Cybersecurity risks never cease evolving and adapting to the finest efforts to thwart them. That’s good for job security, however it can lead to IT support companies some sleepless nights. Here are 3 Cybersecurity Steps Every Company Needs to Adopt that will help you dodge this cybersecurity curveball in 2020.

Protect Your Critical Infrastructure:

The weakest link on your security infrastructure isn’t your server or your firewall. It’s Sandy, John or Becky. Your IT infrastructure may be well secured, but organization’s employees can inadvertently give the bad guys the credentials they need. Hackers can enter your infrastructure and wreak chaos. And more often than not, they do so through seemingly innocent emails.

Business email compromise (BEC) scams often work slowly. They gather one or two bits of personal information at a time until hackers have squirreled up enough data to nullify a member of staff throughout the system.

For example, employees might get a contact, apparently delivered by HR, requesting them to verify their mailing addresses.

Hackers gather this information and use it in another scam. The new scam occurs when more sensitive data, like social security numbers, banking data, or computer/network/server credentials are requested.

When these sorts of red flag requests are accompanied by personal information gathered in previous rounds of the scam, then they are likely to be admired.

The practice continues until hackers have all of the information they will need to impersonate employees and traverse your systems. There’s even a bit of social engineering that comes into play.

A few BEC messages are mundane orders from HR; the others may appear as urgent demands from C-level executives. Whatever approach they choose, BEC phishing scams are becoming more and more common and should have a substantial place in your 2020 security training curriculum. This is a major cybersecurity issue because everyone everywhere has access to email.

Speak about File Sharing

Phishing isn’t the sole way that workers undermine IT and cybersecurity policies. The majority folks use unsecured systems to share with you personal files with family and friends.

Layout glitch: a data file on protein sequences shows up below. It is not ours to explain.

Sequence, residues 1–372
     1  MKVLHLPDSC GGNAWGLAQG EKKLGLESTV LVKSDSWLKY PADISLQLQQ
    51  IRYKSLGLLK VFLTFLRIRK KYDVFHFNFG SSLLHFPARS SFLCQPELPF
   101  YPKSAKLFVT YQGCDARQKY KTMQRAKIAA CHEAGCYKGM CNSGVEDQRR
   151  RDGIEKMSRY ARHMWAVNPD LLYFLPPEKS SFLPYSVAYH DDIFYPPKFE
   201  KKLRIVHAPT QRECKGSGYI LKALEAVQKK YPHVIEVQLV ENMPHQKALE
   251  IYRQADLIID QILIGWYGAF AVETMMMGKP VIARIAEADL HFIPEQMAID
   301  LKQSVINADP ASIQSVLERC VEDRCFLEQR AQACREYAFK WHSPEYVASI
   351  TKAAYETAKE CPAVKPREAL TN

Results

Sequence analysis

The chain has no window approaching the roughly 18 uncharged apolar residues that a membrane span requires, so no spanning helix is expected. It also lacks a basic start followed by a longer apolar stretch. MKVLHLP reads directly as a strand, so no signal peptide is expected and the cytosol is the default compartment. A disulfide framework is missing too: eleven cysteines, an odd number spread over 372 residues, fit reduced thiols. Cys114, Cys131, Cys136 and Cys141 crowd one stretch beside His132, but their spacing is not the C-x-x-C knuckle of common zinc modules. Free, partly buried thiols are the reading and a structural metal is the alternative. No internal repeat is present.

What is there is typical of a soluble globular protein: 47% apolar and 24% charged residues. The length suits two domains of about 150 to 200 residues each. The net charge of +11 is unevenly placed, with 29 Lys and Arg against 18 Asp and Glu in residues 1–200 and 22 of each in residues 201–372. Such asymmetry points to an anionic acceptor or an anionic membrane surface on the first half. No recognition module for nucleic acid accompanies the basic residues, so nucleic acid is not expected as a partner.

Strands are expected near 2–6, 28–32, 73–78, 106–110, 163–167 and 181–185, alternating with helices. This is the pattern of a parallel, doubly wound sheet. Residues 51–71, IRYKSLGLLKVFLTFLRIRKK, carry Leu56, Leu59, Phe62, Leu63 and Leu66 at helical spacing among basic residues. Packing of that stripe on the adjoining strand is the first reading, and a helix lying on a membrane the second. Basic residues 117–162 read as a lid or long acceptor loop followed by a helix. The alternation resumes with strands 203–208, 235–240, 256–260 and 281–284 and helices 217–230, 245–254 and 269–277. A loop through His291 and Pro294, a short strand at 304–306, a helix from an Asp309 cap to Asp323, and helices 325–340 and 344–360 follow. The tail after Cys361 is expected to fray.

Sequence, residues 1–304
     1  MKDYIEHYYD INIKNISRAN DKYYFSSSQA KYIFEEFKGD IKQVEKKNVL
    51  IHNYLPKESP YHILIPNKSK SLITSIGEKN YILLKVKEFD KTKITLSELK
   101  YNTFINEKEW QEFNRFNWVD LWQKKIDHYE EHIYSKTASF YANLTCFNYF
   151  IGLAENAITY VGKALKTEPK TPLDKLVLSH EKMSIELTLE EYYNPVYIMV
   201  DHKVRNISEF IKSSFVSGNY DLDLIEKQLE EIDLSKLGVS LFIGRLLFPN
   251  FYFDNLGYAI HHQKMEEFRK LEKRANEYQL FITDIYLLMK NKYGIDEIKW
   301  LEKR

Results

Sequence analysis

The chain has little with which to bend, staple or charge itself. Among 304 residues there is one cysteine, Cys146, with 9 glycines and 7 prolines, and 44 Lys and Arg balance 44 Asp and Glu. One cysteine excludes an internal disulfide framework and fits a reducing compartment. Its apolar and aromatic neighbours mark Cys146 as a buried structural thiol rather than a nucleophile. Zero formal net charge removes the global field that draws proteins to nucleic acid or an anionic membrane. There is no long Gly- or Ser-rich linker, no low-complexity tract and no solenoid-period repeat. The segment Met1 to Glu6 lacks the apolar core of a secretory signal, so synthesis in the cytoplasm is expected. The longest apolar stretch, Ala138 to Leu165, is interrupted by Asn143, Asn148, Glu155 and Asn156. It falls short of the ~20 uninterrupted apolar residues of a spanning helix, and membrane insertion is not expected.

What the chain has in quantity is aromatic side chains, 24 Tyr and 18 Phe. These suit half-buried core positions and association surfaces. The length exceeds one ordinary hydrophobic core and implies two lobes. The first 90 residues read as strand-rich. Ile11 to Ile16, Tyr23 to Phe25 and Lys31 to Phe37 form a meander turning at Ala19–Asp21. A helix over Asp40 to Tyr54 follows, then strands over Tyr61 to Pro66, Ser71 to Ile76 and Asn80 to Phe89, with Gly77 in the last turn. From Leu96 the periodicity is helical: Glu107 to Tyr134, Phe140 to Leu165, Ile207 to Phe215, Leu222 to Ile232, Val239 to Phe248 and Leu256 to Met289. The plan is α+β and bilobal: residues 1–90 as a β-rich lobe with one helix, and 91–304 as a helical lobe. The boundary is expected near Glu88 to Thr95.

There are also a number of us that heavily depend on CloudStorage to back up our personal data. If those customs kicked into the office, then it represents an enormous security threat.

This is not a theoretical dilemma. Almost a third of respondents to a recent Code42 survey admitted they use social networking to collaborate and share business-related files with colleagues.

The hazards with the procedure are obvious when we start looking at file sharing from a cybersecurity perspective.

And that is the core of the problem: employees tend to feel that their files are well enough secured at home. Employees ten to employ the exact same perception of confidence to work files.

It’s up to you to fix that presumption. Explaining why your organization’s own sharing gear are the only appropriate ones will be most employees will need to draw the line suitably.

Implement a Formal IoT Policy

In 2020 the Web of Things, or IoT, will be more mainstream. Gartner expects a 21 percent increase in the installation of IoT devices used in enterprise and automotive environments.

If your company isn’t heavily invested in the IoT, this really is the opportunity to come up with procedures and policies specific to those devices.

At the absolute minimum, your IoT policy should include an inventory system which defines your IoT apparatus and explains everything they share with whom. This inventory will also help you secure each IoT device before it’s set up, and to match patches and upgrades.

2021 will definitely bring its own cybersecurity threats. For now, these three steps can allow you to expect 2020’s most important risks and guard against them. If you need a top rated IT cybersecurity company, you should check out these guys if you’re in Florida or if you’re in New York City, reach out to their sister company. http